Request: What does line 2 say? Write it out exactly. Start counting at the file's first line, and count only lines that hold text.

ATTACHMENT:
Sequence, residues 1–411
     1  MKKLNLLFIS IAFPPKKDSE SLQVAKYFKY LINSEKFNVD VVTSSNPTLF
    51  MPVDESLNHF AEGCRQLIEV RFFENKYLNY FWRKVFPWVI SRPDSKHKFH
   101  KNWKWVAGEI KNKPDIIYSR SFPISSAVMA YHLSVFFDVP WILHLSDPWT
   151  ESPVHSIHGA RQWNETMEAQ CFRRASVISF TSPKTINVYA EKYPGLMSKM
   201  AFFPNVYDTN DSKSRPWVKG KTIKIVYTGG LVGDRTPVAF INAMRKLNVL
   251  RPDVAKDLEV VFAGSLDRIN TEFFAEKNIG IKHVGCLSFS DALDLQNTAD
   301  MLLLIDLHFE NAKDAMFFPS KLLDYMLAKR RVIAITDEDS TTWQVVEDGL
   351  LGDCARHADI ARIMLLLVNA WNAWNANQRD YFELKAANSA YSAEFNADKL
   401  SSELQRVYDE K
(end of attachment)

     1  MKKLNLLFIS IAFPPKKDSE SLQVAKYFKY LINSEKFNVD VVTSSNPTLF